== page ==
Accepting a Compliment

I’ve been taking a break from professional reading.  I have been picking a wide variety of books to read for fun.  I just finished Year of Yes: How to Dance It Out, Stand In the Sun and Be Your Own Person by Shonda Rimes.  I’ll admit I picked the book because of the NPR interview with her I heard, not because I am a fan of TV shows (haven’t seen any of them). This fun book became a professional book because of one particular chapter.

In the book, Shonda Rimes describes a particular event where powerful successful women were announced with all of their successes and all of the women did one of three things.  They either looked down and made themselves smaller; shook their head; or laughed it off.  As she was describing how women tend to receive compliments, it was like she has been watching me for years.  I am guilty of denying praise; laughing uncomfortably and looking down; and shifting praise to others.

For example, I was talking with one of our literacy coaches and she said that I am the right person for my role.  When she said that I didn’t even say thank you, instead I started denying it and saying this person would be better at this role.  (As I wrote this, hundreds of other examples came to mind.)  I even struggle with accepting compliments from myself.   For example, I was reflecting on my year. Every time I listed a success, I found myself downplaying it or denying my role in it.

Rimes also discussed that as women we are socialized to respond this way.  I also think teachers are also taught to respond similarly.  As teachers, we are expected to be humble and not brag.  My former principal and I joked that neither of us could accept a compliment.  Right now I want you to think about the last compliment you received at school.  How did you respond?  One reason, I bring this up is we are models for our students.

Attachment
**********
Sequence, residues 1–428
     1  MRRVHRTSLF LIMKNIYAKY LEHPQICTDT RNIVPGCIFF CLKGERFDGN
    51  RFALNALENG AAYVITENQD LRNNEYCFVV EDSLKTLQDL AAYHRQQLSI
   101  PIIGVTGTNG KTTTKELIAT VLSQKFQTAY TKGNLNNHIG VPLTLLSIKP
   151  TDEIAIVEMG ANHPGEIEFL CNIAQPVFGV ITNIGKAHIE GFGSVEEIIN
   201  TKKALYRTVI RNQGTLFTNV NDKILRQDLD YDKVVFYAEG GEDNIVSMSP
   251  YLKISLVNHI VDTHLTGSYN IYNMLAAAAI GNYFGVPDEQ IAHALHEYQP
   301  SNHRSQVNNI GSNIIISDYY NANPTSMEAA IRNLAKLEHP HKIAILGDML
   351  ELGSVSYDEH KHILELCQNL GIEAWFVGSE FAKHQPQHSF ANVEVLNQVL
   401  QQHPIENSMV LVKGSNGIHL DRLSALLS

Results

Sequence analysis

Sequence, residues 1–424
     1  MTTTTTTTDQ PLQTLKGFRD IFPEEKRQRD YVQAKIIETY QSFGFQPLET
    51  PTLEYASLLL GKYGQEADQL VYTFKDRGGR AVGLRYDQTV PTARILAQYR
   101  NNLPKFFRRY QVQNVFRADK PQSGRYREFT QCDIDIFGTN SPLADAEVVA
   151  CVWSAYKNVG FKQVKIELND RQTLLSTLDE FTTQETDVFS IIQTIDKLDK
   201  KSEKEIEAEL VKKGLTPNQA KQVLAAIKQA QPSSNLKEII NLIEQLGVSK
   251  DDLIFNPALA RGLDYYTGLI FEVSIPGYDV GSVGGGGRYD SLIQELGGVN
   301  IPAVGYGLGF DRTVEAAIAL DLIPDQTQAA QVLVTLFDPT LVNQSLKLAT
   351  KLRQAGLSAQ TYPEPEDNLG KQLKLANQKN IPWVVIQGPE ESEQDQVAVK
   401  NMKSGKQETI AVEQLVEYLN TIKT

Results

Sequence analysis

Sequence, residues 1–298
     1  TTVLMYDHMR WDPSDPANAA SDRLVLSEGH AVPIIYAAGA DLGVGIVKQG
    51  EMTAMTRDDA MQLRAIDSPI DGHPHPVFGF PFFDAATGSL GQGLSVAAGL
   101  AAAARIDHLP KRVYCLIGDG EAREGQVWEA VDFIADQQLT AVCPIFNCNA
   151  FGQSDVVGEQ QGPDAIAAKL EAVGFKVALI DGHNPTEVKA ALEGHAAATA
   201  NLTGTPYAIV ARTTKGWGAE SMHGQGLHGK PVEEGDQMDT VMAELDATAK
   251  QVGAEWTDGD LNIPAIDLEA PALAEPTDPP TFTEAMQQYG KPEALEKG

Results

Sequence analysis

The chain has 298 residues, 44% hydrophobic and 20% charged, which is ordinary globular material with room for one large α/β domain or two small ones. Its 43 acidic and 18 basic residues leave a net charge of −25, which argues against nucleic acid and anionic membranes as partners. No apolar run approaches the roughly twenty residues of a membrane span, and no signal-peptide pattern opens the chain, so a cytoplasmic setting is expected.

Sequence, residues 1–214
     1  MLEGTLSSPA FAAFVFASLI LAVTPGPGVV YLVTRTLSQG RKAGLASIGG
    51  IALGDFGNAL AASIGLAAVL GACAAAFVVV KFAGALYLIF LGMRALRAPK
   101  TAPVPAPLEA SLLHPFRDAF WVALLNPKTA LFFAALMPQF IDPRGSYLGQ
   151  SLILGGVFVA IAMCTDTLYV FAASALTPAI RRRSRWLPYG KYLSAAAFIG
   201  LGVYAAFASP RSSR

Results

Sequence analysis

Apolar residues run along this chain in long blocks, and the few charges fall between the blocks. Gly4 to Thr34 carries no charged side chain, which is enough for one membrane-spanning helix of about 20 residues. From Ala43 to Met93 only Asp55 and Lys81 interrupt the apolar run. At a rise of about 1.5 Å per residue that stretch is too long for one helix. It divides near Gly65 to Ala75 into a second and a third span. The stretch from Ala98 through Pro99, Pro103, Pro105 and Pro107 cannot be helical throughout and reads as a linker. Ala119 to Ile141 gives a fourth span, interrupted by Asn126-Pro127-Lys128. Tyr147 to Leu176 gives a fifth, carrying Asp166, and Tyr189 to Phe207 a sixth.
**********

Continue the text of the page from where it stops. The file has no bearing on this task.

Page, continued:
Now, think about some of your students.   How do they receive a compliment or praise?  Are there students in your classroom that shut down after you pay them a compliment?

I bring this all up because if our compliments are dismissed frequently, after a while we may quit.  People will start feel less appreciated and soon you have culture issue.

So I encourage you to join you in my plan to get better:

  1. I will just say, “Thank you” to others.  My sister is an excellent model of this.  She learned this from one of her voice teachers who said “If you say anything other than thank you, then you are calling them a liar.”
  2. I will teach my children and students to just say, “Thank you.”  When you teach this skill, you giving them a  great skill.      
  3. I will create opportunities for others to just say, “Thank you.”  I want to celebrate the my colleagues.  They are bright, powerful, creative women and men.  I want them to know that they are and I am blessed to learn from them.
  4. I will own my accomplishments without adding but to the end.  I will continue to my journey to silence my worst critic and continue my journey of being a friend to myself.

 

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2 thoughts on “Accepting a Compliment

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